Select Committee on Office of the Deputy Prime Minister: Housing, Planning, Local Government and the Regions Memoranda

Memorandum by Cambridge Centre for Housing and Planning Research, University of Cambridge and the University of Sheffield (HOU 34)


  The Cambridge Centre for Housing and Planning Research, University of Cambridge and the University of Sheffield have just completed research evaluating the effectiveness of land use planning system in achieving affordable housing.

  Our main conclusions include:

  The policy of linking land allocation for affordable housing to that of financing that housing is both generally accepted and becoming more effective. So far, however the impact has been mainly in terms of enabling more affordable housing to be built in more expensive places.

  If it is to work better in the future more has to be provided both in terms of numbers and financial contributions. There are three distinct types of development that must be encouraged:

  Affordable housing development which needs no additional subsidy. This is currently mainly occurring in the North and Midlands in the form of low cost home ownership. It is far less likely in the South and where authorities operate a no SHG policy they usually achieve far less housing. Yet there are opportunities for such contributions perhaps especially on smaller sites;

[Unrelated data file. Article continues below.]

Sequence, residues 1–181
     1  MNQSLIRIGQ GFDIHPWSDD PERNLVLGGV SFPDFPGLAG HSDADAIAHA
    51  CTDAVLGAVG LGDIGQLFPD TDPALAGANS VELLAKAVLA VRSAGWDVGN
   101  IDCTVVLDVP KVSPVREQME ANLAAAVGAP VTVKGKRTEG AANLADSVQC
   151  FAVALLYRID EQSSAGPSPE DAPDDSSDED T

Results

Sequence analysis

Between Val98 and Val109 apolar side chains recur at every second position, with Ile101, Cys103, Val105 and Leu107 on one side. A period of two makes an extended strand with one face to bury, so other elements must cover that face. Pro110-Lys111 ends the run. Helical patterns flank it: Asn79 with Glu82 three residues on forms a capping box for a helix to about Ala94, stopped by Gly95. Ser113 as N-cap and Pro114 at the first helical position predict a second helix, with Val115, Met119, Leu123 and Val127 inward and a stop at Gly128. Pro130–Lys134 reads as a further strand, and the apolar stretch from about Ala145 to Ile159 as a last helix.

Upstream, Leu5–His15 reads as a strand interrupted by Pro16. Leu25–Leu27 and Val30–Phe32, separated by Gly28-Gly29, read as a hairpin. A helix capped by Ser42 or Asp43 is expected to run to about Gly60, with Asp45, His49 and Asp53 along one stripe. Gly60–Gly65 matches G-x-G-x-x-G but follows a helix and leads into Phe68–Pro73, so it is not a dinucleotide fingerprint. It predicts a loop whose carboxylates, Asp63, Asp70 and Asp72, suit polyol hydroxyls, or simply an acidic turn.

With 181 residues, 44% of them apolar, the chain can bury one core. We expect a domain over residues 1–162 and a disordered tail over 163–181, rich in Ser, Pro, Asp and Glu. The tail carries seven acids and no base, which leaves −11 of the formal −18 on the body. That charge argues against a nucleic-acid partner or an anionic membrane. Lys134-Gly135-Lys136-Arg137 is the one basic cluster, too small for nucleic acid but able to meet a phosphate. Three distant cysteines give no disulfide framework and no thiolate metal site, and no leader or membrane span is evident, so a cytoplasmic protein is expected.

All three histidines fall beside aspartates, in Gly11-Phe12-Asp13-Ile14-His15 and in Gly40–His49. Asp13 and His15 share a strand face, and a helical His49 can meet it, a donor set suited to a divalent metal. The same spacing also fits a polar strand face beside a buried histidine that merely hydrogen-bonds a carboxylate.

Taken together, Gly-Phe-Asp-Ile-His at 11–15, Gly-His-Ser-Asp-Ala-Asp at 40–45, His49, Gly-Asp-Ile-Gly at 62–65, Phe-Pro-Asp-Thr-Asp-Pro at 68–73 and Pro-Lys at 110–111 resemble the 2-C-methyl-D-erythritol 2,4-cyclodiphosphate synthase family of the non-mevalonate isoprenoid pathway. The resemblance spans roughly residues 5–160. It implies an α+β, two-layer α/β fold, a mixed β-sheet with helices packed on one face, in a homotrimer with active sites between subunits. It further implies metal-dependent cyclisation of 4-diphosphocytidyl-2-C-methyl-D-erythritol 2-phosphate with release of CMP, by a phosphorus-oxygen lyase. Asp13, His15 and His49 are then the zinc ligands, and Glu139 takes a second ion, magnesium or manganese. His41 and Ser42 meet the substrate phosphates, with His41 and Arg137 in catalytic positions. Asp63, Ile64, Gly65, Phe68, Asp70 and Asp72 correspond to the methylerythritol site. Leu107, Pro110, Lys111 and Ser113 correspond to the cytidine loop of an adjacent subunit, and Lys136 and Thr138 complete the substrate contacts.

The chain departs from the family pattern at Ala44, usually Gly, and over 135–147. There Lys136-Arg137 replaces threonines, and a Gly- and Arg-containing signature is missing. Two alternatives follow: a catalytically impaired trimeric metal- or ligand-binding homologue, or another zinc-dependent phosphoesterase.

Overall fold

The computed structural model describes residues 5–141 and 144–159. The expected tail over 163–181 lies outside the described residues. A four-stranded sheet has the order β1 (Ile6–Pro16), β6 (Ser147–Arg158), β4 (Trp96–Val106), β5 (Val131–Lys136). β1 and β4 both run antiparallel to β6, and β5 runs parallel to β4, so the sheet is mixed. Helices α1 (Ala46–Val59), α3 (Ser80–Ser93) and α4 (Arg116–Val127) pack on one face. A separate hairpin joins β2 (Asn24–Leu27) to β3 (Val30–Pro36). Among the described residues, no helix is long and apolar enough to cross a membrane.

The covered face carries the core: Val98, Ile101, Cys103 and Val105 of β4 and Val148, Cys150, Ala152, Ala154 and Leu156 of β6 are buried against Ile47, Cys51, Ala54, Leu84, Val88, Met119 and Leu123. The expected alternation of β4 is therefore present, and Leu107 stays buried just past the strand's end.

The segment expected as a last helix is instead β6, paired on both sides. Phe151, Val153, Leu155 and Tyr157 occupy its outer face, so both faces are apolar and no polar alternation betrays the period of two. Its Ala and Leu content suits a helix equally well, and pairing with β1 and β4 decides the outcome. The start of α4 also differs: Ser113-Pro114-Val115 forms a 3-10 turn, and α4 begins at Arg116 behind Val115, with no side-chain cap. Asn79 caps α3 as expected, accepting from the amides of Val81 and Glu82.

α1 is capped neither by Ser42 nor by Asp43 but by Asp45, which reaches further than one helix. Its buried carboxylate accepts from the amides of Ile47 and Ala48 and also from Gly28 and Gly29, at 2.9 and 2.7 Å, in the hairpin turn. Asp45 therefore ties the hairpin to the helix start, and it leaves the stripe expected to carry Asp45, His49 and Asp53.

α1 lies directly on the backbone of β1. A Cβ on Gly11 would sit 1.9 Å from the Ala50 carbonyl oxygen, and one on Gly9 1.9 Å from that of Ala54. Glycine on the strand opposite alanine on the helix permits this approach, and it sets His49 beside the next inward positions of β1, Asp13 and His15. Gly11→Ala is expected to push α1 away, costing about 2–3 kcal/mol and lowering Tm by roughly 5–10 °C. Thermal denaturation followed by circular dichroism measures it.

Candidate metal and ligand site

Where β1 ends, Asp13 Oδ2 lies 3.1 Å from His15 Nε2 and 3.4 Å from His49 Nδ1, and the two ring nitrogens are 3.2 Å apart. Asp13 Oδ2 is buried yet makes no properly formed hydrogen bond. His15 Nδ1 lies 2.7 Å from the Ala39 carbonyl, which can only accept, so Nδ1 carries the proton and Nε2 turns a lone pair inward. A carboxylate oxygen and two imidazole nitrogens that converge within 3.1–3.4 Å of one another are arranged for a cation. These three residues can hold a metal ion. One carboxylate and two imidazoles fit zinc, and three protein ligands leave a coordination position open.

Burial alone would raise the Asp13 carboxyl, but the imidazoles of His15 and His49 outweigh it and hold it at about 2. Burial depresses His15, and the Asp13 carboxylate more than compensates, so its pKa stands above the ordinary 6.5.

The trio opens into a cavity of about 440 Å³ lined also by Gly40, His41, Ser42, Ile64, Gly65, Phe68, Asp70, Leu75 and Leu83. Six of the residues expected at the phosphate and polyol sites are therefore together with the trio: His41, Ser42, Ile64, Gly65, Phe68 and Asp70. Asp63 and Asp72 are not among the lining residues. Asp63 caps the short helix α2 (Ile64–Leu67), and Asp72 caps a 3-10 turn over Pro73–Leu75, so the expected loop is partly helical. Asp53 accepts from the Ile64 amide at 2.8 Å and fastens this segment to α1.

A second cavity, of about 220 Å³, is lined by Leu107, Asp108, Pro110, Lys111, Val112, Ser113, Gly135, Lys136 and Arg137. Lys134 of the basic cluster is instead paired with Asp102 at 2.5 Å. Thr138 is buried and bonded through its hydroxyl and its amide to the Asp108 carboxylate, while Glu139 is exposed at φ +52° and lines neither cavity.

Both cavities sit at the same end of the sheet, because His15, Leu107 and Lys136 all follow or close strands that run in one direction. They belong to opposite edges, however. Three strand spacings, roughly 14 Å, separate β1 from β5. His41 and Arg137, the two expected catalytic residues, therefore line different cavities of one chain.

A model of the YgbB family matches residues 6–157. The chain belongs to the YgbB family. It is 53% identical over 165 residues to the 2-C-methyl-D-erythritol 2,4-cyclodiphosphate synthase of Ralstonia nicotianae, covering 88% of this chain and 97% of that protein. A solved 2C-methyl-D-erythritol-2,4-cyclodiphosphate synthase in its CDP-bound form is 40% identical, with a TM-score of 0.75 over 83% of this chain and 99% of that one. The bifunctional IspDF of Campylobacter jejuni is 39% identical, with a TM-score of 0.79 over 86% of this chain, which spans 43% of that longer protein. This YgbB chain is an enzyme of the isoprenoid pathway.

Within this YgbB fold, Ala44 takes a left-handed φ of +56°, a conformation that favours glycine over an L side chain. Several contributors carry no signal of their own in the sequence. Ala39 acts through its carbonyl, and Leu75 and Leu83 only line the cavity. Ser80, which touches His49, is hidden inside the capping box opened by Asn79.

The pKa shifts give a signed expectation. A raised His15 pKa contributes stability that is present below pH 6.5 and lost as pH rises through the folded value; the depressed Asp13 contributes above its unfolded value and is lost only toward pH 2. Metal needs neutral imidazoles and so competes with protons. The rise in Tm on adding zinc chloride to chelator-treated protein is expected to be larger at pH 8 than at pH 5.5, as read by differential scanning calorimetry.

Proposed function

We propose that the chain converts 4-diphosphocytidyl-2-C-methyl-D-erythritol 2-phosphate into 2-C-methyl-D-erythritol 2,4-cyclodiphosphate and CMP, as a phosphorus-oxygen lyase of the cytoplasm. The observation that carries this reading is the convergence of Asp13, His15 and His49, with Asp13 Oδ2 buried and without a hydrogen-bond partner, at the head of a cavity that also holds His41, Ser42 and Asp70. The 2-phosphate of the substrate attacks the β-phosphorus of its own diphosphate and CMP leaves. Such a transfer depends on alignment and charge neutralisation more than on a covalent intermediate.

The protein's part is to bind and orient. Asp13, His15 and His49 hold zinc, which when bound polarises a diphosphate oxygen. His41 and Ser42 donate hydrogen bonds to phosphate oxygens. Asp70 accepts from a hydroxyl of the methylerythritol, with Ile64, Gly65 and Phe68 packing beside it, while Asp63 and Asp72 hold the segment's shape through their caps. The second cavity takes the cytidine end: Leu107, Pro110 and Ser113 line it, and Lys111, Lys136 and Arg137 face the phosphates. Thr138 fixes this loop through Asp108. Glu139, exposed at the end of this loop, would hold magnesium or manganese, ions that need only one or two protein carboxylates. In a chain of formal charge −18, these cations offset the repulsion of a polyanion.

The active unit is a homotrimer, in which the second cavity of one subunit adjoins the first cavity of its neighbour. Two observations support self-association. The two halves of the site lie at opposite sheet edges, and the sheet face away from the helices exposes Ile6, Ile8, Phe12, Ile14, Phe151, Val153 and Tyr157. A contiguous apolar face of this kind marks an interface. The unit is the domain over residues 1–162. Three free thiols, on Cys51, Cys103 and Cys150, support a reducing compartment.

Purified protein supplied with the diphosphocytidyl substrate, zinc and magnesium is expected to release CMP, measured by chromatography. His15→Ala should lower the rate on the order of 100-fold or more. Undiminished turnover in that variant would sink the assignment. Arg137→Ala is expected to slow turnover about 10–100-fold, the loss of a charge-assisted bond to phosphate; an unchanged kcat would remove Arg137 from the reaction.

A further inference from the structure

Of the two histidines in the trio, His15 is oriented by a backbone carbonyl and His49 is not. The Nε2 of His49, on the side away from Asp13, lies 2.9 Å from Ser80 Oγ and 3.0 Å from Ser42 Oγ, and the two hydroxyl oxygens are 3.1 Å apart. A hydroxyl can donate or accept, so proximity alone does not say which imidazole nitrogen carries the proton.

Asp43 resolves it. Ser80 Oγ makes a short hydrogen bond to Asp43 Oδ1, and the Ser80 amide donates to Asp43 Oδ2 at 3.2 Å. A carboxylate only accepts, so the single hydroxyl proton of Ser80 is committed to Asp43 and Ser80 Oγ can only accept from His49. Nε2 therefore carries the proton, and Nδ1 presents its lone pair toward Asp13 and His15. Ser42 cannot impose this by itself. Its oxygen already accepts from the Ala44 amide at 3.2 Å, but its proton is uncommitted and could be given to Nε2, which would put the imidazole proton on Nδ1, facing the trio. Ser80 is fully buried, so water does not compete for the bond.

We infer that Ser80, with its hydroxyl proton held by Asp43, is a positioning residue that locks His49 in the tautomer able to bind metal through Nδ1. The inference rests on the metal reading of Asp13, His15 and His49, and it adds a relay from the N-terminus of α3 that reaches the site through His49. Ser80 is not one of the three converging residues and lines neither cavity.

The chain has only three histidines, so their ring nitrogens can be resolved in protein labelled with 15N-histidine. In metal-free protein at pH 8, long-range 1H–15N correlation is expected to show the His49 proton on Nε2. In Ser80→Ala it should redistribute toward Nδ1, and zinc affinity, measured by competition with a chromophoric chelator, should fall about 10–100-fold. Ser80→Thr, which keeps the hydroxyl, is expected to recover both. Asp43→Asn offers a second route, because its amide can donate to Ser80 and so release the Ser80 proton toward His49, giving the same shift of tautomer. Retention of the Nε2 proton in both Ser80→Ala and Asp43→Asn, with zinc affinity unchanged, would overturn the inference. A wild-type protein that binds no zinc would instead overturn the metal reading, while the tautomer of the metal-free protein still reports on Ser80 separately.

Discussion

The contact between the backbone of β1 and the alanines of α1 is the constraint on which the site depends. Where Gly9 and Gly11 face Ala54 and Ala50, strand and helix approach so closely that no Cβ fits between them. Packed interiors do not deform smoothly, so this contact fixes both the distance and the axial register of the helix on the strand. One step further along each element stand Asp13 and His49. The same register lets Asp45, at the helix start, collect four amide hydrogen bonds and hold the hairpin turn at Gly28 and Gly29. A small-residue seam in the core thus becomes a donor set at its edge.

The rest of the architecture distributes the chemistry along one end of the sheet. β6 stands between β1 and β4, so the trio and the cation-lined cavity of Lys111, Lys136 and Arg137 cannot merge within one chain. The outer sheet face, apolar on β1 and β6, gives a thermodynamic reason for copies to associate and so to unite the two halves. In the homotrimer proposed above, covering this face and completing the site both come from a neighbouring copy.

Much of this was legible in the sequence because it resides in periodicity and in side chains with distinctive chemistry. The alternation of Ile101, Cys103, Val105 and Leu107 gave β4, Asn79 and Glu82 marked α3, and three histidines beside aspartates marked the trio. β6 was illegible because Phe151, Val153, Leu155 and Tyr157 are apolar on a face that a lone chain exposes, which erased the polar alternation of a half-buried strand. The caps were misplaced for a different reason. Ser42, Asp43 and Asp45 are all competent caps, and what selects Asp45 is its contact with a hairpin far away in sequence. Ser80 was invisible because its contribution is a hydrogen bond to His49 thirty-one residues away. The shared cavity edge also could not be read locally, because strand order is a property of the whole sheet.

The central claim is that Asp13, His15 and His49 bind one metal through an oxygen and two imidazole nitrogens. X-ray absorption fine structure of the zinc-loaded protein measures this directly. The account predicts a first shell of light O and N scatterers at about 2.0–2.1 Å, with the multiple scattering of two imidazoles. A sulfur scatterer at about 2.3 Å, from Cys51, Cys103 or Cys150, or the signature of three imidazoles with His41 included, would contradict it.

Developments which both contributions and SHG. Here the objective must be to make the SHG go further—which means moving away from negotiations based around TCI and looking at a broader mix of developments to include lower subsidy elements such as key worker housing; and

  Developments involving SHG but no s106 agreement. These are mainly 100 per cent affordable housing sites. As the s106 policy becomes more embedded it is likely to become harder to obtain 100 per cent affordable housing sites. Yet to provide enough affordable housing overall, given the likely proportions made available on s106 sites and also effectively to use financial contributions from small and non-residential site developments is going to mean that far more such sites need to be made available. This is a major area of concern with respect to the government's proposals.

  Only if all three types of development occur, and additional government subsidy is made available, is there any chance of providing both the numbers of affordable housing required and an appropriate mix of tenures and types of housing to long term aspirations.

  The detailed Findings of our report are attached and the main report will be available in mid-October.

Christine Whitehead

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